A story: One caterer insisted that he didn't need to see our site, and then took two weeks to send us his proposal. This was a pretty good indicator of his level of interest and willingness to work with us, so we went ahead and didn't hire him.

Drink: Caterers will also offer drink packages, usually dependent on a fixed price or consumption. There are decent arguments on both sides, and another argument that it's easier to buy and supply your own alcohol and just hire some of your caterer's staff to bartend. Most caterers are happy to let you do that, but be sure that they'll allow you the use of their liquor license, or you could get in a whole mess of trouble.

Also worth noting is that caterers tend to recommend that you skip the champagne toast, which we did, with no problem. Not that many people actually like champagne (although I myself am a lover of the bubbly), and it's a colossal waste of money to pour a toast for every guest when half of them will just set their champagne down on a table somewhere after raising their glasses. We also decided to skip the hard alcohol, but that was because most of our guests were our age, and we didn't want any vomiting going on on the dance floor.

A story: We were dead set on supplying our own booze, and made sure that we found a store which would allow us to return whatever we didn't consume. And then we got overwhelmed and let our caterer talk us into letting him supply the beer and wine. We went based on consumption and were only a hundred or so dollars over his estimate. It was super.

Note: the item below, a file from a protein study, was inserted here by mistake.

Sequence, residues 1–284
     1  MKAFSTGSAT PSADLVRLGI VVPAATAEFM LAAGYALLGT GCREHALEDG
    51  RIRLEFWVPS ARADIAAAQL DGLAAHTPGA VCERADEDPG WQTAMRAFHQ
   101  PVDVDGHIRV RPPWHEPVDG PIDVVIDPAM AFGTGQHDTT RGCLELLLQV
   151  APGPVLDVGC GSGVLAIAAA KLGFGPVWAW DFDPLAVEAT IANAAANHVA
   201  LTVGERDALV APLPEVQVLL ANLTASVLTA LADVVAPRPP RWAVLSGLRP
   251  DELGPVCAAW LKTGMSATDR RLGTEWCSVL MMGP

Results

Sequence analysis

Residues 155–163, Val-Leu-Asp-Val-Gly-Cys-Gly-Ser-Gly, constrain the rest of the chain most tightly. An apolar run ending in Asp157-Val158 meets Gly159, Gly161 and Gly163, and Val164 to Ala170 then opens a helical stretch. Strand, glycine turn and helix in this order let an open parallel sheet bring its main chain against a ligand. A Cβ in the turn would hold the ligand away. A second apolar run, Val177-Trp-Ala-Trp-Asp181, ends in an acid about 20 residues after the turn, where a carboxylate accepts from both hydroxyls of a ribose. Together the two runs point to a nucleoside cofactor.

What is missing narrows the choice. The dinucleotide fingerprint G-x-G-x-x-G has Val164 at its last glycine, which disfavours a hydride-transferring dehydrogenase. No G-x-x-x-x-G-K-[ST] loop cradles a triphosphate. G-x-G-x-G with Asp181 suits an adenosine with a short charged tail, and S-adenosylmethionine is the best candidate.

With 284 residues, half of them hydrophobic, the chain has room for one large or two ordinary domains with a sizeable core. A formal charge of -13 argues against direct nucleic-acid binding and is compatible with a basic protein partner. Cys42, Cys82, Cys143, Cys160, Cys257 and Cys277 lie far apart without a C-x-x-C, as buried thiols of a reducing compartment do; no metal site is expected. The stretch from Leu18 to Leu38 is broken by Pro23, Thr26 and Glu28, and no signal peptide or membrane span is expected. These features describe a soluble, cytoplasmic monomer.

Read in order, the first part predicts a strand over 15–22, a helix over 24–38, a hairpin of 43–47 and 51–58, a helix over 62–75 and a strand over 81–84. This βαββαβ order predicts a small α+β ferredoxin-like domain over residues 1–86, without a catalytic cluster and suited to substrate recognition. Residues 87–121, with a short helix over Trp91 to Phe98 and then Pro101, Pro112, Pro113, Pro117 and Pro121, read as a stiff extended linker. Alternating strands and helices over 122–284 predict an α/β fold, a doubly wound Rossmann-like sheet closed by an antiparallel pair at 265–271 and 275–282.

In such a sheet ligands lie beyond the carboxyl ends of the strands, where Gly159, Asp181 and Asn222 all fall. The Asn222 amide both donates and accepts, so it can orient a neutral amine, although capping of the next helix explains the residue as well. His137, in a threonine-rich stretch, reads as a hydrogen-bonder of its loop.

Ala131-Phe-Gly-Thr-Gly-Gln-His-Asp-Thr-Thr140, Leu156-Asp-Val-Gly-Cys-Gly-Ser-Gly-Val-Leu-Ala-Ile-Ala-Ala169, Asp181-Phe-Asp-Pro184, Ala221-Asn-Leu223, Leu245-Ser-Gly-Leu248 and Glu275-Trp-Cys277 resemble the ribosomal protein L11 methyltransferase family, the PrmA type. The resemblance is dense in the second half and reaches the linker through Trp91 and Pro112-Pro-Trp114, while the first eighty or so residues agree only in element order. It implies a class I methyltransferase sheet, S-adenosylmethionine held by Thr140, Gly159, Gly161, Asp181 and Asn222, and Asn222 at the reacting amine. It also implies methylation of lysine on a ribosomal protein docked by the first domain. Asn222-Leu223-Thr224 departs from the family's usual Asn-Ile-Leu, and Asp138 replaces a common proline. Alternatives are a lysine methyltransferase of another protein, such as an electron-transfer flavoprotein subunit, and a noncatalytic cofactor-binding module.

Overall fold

Setup and Presentation: If you don't have the presence of mind to do it yourself, task a bridemsaid with typing up a list of very clear setup instructions for the caterer (i.e. what goes on each table, where to put favors, where to put gifts, where to put place cards, etc.). This way, you avoid any confusion or mistakes.

A story: Because I didn't put up a sign that said "PUT THESE OUT," but just left them next to all the other items to be put on tables, our caterer never put out our place card holders or the seven thousand disposable cameras we had purchased, so they sat untouched in the garage. Now T's family will have disposable cameras for every vacation they take for the next seven years, and could set up a small forest of topiary placecard holders that would have been perfect on the tables at our garden wedding. I am still angry about that.

Whew! That was a lot of advice. Please feel free to use the comment section below to ask any questions you might have about how to deal with wedding or event caterers that I neglected to answer above. The wedding industry makes its money on young, inexperienced brides, and, having been one, I see it as my duty to protect them!

Now here's a pretty picture of one of our guest tables to reward you for reading such a long post:


  1. you know, i didn't even notice the lack of cameras, and i PAINSTAKINGLY LABELED THE DAMN THINGS.

    anyway, it was a credit to the rest of the set up's aesthetic appeal.

  2. Being 2 months away from my wedding, I have to agree 100% about the shopping around and price comparison.

    You CAN make a budget work. It just takes determination and tons of sifting through vendor options. I now completely understand why wedding planners exist, dealing with vendors is a full time job.

  3. Sage advice, indeed! It’s very important to be as detailed as possible with your caterer. Let them know what you want in your menu, how much your budget is, and what you’d like the site’s setup to be (if they are also doing it). Be assertive without being antagonistic. After all, it is they who need your business and not the other way around.

  4. Your advice is important to me. it's help to reach professional wedding caterers for my wedding day celebrations. Thanks for your excellent advice and keep post like this useful message for wedding